No Silence on Race – Hillel Ontario Statement of Support

by | Jul 22, 2020 | Hillel Ontario | 0 comments

Hillel Ontario is proud to be a signatory to No Silence on Race. We endorse the letter’s aims of dismantling racism in Jewish communities and welcome its outline of nine pillars as a guide for our efforts.

Our organizational vision is an Ontario where every Jewish student is inspired to make an enduring commitment to Jewish life, learning and Israel. Hillel Ontario takes the word “every” seriously; our vision demands virtual and physical spaces that intentionally welcome Black, Mizrachi, Sefardi, and Indigenous Jews and Jews of Colour and celebrate all Jewish identities. Indeed, the Hillel Ontario we envision is based in a community that enthusiastically reflects a full spectrum of Jewish diversity.

We acknowledge both that we have work to do in this area and the importance of committing to concrete action. Inspired by No Silence on Race, we commit to the following:

  • Adopting a listening posture so we can better understand the experiences of BIPOC, Mizrachi, and Sefardi Jews;
  • Inviting, but not requiring, the BIPOC individuals among our staff, lay leadership, and students to be part of our efforts to learn and grow as an organization;
  • Examining recruitment and hiring practices to bolster BIPOC representation among staff (including campus and organizational leadership) and lay leaders;
  • Launching educational content, training, and learning for staff, students, and other stakeholders on issues of racial justice, implicit bias, power, and privilege, among other topics;
  • Strengthening and leveraging our relationships with campus diversity offices to provide training for our students and staff and to better serve as allies to all BIPOC members of our campus communities;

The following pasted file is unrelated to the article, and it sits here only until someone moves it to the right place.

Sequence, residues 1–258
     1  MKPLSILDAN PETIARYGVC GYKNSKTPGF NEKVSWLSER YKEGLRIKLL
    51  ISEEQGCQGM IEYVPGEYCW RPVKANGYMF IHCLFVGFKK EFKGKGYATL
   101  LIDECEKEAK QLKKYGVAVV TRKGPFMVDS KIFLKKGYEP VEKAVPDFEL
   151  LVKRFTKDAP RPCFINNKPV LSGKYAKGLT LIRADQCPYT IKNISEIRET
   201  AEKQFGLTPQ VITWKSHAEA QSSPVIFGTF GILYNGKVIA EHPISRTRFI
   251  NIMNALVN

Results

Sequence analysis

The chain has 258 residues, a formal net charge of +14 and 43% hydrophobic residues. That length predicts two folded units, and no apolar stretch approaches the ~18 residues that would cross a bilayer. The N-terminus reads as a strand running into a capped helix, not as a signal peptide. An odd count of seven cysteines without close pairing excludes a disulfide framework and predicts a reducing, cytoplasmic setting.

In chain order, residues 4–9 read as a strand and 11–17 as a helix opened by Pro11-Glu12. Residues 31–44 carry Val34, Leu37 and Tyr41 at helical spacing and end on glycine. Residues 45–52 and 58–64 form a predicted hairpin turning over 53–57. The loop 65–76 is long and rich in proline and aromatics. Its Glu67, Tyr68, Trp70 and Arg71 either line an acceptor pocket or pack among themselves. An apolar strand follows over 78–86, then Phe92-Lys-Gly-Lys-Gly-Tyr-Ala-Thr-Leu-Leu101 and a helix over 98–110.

• Recognizing the emotional labour that goes into BIPOC individuals contributing to our organization’s betterment and ensuring that they are appropriately compensated;
  • Redoubling our efforts to enhance programming for and about BIPOC Jews;
  • Reaching out to other Jewish organizations engaging in their own efforts in this sphere with an eye toward convening representatives and forming a collaborative working group for mutual support, direction, and accountability;
  • Developing a multi-faceted plan for cultivating diversity, equity, inclusion, and anti-racism; and
  • Exploring the best way to advance this work internally and hold ourselves accountable, including the possibility of assembling a Hillel Ontario task force to learn about, investigate, and respond to racial injustice, implicit bias, power, and privilege.

The tenth century midrash Tanna Debei Eliezer cites G-d as asking and directing the Jewish people in part, “My children, there is nothing I lack that you could provide me. What do I ask of you? Only that you love each other, respect each other, and have reverence for each other.” In seeking to create a more welcoming, inclusive, and equitable Jewish community, we embrace the sentiment behind No Silence on Race and look forward to future progress toward a truer expression of klal yisrael, the unity of the entire Jewish people.

Stronger Together!

Stronger Together!

Over this past Family Day Weekend, I spent a lot of time reflecting both about the challenges we face, but also about the incredible strength and resiliency of this community. Jewish students are often at the forefront of hate and discrimination on campus and online, but we are at our most powerful – and most effective – when we work together as one.

With that in mind, I want to provide several important advocacy updates.

First, I am excited to share that Hillel Ontario has begun convening meetings to coordinate advocacy initiatives amongst Jewish campus organizations across the country. The time has come for Hillel Ontario to lead the way in encouraging cooperation to accomplish the goals we collectively share. Joining us in these monthly discussions are Hillel Montreal, Hillel BC, Hillel Ottawa, CJPAC, Hasbara Fellowships and StandWithUs. We appreciate their willingness to engage with us in these important conversations.